Winning Poems for November 2013

Judged by Kelly Cherry

First Place

The Legend of the Green Man

by Christopher T. George
FreeWrights Peer Review

The Green Man persists through the lies, the obfuscations,
the pretentious accents and the newspaper pirate hats crafted

from today’s headlines. The Green Man peers at you from behind
the tree trunk entwined by the yellow-eyed luminescent serpent,

just as he spied on the Persian archers, the Roman pikemen
who tramped through the forest leaving their dead slumbering

under the fall leaves. Still, we earn our salaries as did
those soldiers rewarded with salt and never look back; we

pretend we are in receipt of generous donations, largesse
of the gods — golden leaves that mound up in attic chests.

The Green Man is watching you through each day’s relentless dreck,
the never-ending commercial static. Something that you can’t control,

despite all the newfangled inventions: something primal and obscene.
Yes, yes — you saw him once: once seen, never forgotten. Listen.

He’s listening to you, watching your every move. You hide your hand
in a black velvet glove. Hide your face in a mask. Just don’t ask.

This month my pick for FIRST PLACE is "The Legend of the Green Man." The Green Man, often depicted in visual art as a face, framed by leaves, from whose orifices vines grow and tangle, and in literary tales as a kind of Robin Hood—a figure of the forest—or, as in Sir Gawain and the Green Knight, a pagan deity or mentor, is a mysterious holdover from earlier times, and this poem in couplets reminds us, at one and the same time, of the immeasurable difference between us and the vegetable world and our necessary closeness to it. Here we see him hiding behind a tree trunk to which a threatening serpent clings; we are reminded that he likewise spied on "Persian archers" and "Roman pikemen," which tells us just how ancient he is. Yet like the Persians and the Romans, we do our job in life, we are glad to cull "golden leaves" or coins. But the Green Man never leaves off looking: he has us in his eyes, he sees our mistakes, he knows we are, like him, "primal and obscene," no matter how technology and the world change. He is the sinner with whom, it seems, we cannot fail to collaborate, and though he welcomes our collaboration, he is also disgusted with it. This poem is short but it carries a good deal of tension and I found myself shivering as I read it. --Kelly Cherry

Second Place

In Mission Trails Wilderness Park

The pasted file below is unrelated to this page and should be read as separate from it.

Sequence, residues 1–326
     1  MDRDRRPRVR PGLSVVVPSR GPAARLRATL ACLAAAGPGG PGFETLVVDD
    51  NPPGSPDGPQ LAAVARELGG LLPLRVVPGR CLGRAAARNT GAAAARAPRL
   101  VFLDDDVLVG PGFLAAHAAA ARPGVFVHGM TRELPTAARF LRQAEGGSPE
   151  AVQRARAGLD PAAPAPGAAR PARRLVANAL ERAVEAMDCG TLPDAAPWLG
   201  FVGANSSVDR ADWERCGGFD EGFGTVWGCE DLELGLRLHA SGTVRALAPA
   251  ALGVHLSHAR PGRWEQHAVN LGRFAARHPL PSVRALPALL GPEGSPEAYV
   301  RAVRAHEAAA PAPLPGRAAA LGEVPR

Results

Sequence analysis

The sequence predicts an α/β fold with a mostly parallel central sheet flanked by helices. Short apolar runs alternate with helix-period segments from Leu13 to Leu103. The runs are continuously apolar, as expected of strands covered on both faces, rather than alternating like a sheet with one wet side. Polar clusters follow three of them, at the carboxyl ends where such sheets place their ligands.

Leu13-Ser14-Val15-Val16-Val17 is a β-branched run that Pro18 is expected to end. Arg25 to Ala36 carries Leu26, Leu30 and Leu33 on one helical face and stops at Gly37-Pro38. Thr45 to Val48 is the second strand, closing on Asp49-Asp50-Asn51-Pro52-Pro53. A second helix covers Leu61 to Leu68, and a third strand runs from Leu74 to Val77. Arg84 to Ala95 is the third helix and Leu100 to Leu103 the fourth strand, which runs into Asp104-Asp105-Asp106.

by Fred Longworth

A stream bisects Oak Canyon.
I stand on one side; a derelict Ford Pinto
sprawls on the other.

It lies inverted, like the husk of a dead insect.
As rust reclaims the cab on the far side
of the rivulet, close by, beneath a laurel sumac,

the soil digests the remnants of a squirrel.
A little ways up the opposing hillside,
a coyote slows its pace. It stares at me

with caution, then turns and sniffs the air.
Against this silence, there’s a deeper
silence in the white sage and chamise.

Both coyote and interloper stand motionless.
Everything is caught in the caesura
before sunset, when lungs of chaparral

release first breath, and shadows loom
larger than the things they trail.
It’s a glimpse into a slightly shifted world,

where time-out is a parcel of the game—
the living, the dying, the cycling and recycling,
mysteriously switched to standby—

so that only after sunset gives a nod
will clay resume the path toward earth,
and earth the task of birthing clay.

SECOND PLACE goes to "In Mission Trails Wilderness Park," a poem that beautifully describes a natural scene that includes a "derelict Ford Pinto," a canyon, and a stream. "[T]he caesura / before sunset," a stunning phrase, heightens our feeling that we are waiting for something, our expectancy. All, as the poet says, is on "standby." --Kelly Cherry

Third Place

We Give Back What We Cannot Keep

by Jim Zola
The Waters

Better to begin at noon with bricks instead of river rocks,
with three train crossings we call the bones of Mister Jones,
with a river that rises in locks, with a father who works
at the ice factory and brings home sculptures, nudes reduced
to acceptability, swans without wings,
with a mother whose hands are whiter than fishbone.

So we begin with departure and travel this distance
between us, as if to touch is to travel.
Or with sleep, sound, back to back. When I wake,
I am three and flying around the basement,
my shoes scuff the red cement floor, my legs
are braced. Father kneads them with his icehouse hands.

We give back our mothers and fathers, sweat fresh
on their faces, give back birds that rise from the thin
comfort of branch to shake the elms, give back the field’s past.

Outside this window, there are no fields. There are warehouses,
the clatter of train and track, and warehouse birds.
They hop on corrugated rooftops.
They sing for our leaving.

Honorable Mention

Destiny’s Physics

by Guy Kettelhack
Wild Poetry Forum

Balance will insist upon itself –
ruthlessly it varies to produce
what will conduce to the dispersal
of exactly equal weight. What had

once come early now comes late.
What was once revealed will now
be hidden. It doesn’t seem to matter
who is riding, who is ridden.